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Increasing concerns over traffic issues in Puslinch prompts staff to propose Transportation Master Plan

CAO Glenn Schwendinger said having a plan in place will help create a more standard and easier response from council to complaints
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Keegan Kozolanka/GuelphToday file photo

PUSLINCH TWP. – Repeated complaints about traffic and speeding on Puslinch roads and residential areas has prompted staff to begin looking at the bigger picture to addressing these issues.

“We have a problem on our street, people with fancy cars want to show off by going really fast,” young Puslinch resident Oliver Van Gerwen wrote to council. “They are wizzing (sic) around the corner and there could be little kids playing and people can get hit.”

“Vehicles use our road as a shortcut from 32 to Cambridge,” Concession Rd. 4 resident Mike Wilford said in an email. 

Wilford said he has emailed Mayor James Seeley three times about this issue.

“There is a hill on the road, which leads to increased speeds and dangerous situations," Wilford said. "There are approx. 10 houses in this area some of which have young families. It's becoming increasingly dangerous.”

These types of concerns about transportation matters such as traffic and speeding are numerous and common in Puslinch. 

Council discussed Oliver’s letter and his request for a speed bump on his street in Arkell at a meeting on Wednesday. Along with his letter was a petition signed by all households on his street agreeing with his suggestion. 

While council was impressed with the young man’s passion, they were hesitant to approve a speed bump because of the many concerns raised throughout the township.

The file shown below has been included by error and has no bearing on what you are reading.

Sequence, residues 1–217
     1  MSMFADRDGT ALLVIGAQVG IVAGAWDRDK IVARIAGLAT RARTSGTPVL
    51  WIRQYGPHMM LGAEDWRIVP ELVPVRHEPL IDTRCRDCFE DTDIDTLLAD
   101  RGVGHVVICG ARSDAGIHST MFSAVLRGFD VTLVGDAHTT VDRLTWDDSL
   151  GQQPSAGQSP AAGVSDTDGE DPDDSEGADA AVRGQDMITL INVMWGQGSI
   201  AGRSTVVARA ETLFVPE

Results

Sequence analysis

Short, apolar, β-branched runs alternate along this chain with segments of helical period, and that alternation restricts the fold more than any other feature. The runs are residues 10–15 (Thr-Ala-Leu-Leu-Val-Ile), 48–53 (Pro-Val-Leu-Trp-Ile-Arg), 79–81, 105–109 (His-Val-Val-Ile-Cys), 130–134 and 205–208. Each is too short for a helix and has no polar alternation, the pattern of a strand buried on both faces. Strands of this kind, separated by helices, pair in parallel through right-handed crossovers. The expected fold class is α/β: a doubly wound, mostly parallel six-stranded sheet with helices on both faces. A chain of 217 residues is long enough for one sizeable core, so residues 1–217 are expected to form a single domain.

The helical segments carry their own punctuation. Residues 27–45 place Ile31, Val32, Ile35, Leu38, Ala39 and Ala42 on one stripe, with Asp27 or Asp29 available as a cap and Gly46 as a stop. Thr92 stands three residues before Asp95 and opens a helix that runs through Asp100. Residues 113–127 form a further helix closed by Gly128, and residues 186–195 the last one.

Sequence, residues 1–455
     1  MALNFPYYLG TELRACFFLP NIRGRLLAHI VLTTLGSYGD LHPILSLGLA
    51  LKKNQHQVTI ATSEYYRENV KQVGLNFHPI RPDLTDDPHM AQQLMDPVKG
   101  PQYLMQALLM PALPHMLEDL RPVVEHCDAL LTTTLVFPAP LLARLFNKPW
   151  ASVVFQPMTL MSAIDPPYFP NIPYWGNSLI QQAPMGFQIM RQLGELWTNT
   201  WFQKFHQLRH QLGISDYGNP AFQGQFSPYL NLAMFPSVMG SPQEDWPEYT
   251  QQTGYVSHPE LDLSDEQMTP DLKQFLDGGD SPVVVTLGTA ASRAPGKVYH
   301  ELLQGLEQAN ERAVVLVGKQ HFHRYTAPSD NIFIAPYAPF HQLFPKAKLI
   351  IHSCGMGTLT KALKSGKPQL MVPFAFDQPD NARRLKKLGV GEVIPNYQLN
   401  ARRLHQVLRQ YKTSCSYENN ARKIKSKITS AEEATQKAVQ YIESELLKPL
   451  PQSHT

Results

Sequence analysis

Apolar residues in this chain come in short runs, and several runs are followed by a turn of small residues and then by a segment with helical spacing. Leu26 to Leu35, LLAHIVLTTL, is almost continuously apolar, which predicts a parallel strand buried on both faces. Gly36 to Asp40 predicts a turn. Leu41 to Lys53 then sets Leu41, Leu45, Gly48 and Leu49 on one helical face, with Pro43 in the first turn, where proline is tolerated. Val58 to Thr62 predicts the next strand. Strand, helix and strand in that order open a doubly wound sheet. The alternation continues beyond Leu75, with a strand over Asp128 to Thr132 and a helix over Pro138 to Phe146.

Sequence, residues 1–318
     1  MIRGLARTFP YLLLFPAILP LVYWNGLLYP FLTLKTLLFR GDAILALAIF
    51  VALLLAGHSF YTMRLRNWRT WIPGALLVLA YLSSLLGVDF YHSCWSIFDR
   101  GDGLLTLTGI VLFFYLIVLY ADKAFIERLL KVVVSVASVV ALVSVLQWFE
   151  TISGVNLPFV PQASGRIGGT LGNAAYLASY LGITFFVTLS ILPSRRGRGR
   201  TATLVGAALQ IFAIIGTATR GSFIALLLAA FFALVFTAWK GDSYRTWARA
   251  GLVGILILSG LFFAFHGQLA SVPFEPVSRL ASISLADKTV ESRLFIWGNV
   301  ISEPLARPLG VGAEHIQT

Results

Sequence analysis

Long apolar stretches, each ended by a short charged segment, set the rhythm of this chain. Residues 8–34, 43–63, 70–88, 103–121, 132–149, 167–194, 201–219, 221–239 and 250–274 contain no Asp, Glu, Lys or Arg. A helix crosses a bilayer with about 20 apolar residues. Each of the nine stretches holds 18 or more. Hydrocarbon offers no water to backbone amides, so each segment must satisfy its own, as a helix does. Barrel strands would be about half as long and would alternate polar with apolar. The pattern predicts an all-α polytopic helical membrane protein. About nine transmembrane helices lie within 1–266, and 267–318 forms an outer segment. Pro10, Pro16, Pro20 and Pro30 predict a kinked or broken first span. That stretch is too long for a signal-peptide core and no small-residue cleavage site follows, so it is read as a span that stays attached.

Approving this request may set a precedent for other residents to ask for speed bumps on their roads without knowing the consequences this would have on other roads. 

In a follow-up phone call, CAO Glenn Schwendinger explained this is why the town will be conducting traffic studies and proposing a Transportation Master Plan as part of the 2021 budget. 

“We can look at everything all together and how it correlates to each other,” Schwendinger said. “That will help with council making decisions in how to respond to various issues or concerns that come up.”

This plan can mean a more standard and quicker response to issues from residents. Schwendinger explained there will be recommended mitigation measures to address particular concerns.

“Instead of just doing a piecemeal here and there that might have unintended consequences in a neighbouring street, let’s look at the bigger picture,” Schwendinger said. “If certain conditions are encountered, here are some options for council to address those.”

To begin this though, a lot of data is necessary to come up with an overall plan. 

Council approved applying for Federation of Canadian Municipality grants to fund a roads traffic volume study and a roads condition index study. 

Schwendinger said this data will be key in creating a solid transportation plan. 

“We can look at everything together and how it correlates to each other and that will help with council making decisions in how to respond to various issues or concerns that come up,” Schwendinger said. “Hopefully to address issues before it turns into a complaint.”


Keegan Kozolanka

About the Author: Keegan Kozolanka

Keegan Kozolanka covers civic matters under the Local Journalism initiative, which is funded by the Government of Canada
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